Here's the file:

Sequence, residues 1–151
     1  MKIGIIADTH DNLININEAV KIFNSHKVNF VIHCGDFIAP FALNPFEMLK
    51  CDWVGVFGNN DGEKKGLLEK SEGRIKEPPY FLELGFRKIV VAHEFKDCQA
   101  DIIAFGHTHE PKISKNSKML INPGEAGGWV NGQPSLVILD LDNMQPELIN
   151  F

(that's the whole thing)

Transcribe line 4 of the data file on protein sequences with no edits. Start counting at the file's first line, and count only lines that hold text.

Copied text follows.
   101  DIIAFGHTHE PKISKNSKML INPGEAGGWV NGQPSLVILD LDNMQPELIN